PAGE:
Additionally, public funding could support the development of climate-resilient seed varieties, improvements to nutrient management and other climate adaptation strategies. Investing additional funding in Iowa’s public university systems to assist with the creation of practical, publicly available research could also help farmers put these strategies into practice.

Iowa’s farmers have adapted to changing farming conditions in the past, but climate change poses a more significant shift that requires a proactive response. Policymakers can help ensure farmers have the resources they need to withstand the growing risks posed by climate change and to protect the livelihoods and revenues that make Iowa a global agricultural leader.

For more information, download the full report.

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Building North-South cooperation to fight the ‘tragedies’ of climate change

This post draws from a chapter for a book I wrote in 2020: “Overcoming the tragedy of distance – cooperating with our friends’ friends” in Living with the Climate Crisis ed. Tom Doig. Bridget Williams Books, Wellington, New Zealand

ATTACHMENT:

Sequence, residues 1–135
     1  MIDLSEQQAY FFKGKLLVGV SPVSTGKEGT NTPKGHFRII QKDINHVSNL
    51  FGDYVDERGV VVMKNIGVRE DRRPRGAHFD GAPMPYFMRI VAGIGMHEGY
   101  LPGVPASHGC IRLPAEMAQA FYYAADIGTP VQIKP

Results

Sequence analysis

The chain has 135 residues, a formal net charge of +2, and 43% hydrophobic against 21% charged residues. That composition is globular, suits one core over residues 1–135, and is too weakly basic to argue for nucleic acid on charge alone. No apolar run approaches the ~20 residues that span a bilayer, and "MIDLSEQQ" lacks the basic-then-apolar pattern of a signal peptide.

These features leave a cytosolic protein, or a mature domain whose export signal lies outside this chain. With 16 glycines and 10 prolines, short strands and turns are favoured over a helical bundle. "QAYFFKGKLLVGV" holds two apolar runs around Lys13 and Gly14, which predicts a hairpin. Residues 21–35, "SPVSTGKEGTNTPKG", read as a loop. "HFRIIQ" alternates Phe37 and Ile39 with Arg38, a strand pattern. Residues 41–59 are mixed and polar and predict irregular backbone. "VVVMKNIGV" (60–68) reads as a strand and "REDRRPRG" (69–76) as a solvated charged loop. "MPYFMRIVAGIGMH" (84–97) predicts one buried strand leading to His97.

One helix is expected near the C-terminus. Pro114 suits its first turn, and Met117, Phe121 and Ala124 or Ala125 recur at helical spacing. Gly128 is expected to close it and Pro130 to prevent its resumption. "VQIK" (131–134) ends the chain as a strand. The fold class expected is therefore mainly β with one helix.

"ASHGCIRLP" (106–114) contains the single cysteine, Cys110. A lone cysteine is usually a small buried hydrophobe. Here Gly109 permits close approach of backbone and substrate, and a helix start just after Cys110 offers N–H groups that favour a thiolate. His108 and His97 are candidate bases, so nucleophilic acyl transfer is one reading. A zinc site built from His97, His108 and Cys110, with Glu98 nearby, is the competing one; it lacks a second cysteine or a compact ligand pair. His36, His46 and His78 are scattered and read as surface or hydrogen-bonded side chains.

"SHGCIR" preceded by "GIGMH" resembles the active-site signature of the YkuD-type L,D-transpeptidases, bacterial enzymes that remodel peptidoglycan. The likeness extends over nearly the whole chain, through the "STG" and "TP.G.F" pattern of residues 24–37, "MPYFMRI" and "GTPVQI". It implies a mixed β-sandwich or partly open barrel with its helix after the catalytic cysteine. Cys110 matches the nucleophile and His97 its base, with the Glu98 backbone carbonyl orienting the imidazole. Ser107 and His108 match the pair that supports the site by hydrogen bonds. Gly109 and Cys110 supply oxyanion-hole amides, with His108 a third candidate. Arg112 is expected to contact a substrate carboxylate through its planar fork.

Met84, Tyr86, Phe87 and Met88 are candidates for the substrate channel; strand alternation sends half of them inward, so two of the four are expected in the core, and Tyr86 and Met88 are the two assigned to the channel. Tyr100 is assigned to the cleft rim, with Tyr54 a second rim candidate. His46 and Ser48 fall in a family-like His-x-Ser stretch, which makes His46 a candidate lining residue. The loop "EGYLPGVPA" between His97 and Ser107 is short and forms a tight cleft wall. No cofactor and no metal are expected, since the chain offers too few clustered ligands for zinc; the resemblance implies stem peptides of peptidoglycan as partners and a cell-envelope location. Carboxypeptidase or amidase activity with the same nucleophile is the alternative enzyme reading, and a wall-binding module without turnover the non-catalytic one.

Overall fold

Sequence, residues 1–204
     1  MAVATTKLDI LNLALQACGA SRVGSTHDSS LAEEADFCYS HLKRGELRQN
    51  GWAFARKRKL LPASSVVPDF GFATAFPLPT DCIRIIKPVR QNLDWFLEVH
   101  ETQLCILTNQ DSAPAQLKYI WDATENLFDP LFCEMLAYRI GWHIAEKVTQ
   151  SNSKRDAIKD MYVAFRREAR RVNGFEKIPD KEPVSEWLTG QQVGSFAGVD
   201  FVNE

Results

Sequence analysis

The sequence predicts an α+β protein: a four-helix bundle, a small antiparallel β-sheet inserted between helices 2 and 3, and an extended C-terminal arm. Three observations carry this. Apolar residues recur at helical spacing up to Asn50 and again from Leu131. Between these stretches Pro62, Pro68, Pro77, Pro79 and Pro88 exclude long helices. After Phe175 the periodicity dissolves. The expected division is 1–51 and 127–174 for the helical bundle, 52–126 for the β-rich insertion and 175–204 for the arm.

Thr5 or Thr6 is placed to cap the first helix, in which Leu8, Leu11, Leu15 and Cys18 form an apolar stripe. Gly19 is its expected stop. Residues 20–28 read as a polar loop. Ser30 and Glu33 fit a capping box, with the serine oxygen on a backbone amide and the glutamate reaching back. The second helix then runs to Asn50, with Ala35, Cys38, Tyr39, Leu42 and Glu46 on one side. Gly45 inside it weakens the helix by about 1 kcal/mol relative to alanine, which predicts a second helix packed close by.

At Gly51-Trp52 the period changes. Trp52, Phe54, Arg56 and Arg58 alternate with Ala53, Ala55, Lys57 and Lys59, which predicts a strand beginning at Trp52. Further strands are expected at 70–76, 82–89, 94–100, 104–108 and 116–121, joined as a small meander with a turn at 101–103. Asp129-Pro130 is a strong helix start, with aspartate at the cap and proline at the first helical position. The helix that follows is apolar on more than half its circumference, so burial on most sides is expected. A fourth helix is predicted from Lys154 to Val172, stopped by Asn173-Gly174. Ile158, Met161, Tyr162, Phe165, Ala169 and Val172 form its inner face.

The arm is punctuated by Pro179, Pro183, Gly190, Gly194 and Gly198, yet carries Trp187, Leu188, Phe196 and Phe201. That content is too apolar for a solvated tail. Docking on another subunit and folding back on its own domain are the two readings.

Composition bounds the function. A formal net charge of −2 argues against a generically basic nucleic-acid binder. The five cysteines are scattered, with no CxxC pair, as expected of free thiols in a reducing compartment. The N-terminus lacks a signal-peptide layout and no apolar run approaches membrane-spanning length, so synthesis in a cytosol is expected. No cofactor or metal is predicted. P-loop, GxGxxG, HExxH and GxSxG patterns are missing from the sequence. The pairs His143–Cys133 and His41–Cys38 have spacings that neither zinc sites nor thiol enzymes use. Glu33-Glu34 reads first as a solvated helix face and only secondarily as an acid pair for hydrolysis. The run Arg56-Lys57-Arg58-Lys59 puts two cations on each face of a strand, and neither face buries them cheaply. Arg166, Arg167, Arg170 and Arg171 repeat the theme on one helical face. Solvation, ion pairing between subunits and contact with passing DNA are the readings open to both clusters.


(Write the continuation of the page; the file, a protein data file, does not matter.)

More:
I believe that finding ways to work more intensively and effectively with people with very different resources, cultures and life experiences is critical to rapid global decarbonization.

For me, the unprecedented challenge from climate change is that most mitigation has to occur in countries with fewer resources. Key high-emitting countries such as India, China, Indonesia and Brazil, as well as smaller countries such as Laos, Ethiopia, and Peru are all projected, in business as usual forecasts, to have rising emissions as they develop.

These countries have strongly competing priorities, as they also need to address poverty or resolve internal conflict. They are unlikely to mitigate greenhouse-gases fast enough without help. Yet, to stabilize the climate, those countries and all others must reduce their emissions to net zero and the faster the better.